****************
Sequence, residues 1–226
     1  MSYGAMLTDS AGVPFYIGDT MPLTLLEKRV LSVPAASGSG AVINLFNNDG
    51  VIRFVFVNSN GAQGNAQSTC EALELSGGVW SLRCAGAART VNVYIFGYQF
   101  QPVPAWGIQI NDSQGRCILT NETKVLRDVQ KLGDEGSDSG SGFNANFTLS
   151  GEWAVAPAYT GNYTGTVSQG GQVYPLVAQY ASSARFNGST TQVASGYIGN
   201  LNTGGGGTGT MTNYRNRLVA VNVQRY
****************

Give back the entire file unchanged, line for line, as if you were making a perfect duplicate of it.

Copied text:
Sequence, residues 1–226
     1  MSYGAMLTDS AGVPFYIGDT MPLTLLEKRV LSVPAASGSG AVINLFNNDG
    51  VIRFVFVNSN GAQGNAQSTC EALELSGGVW SLRCAGAART VNVYIFGYQF
   101  QPVPAWGIQI NDSQGRCILT NETKVLRDVQ KLGDEGSDSG SGFNANFTLS
   151  GEWAVAPAYT GNYTGTVSQG GQVYPLVAQY ASSARFNGST TQVASGYIGN
   201  LNTGGGGTGT MTNYRNRLVA VNVQRY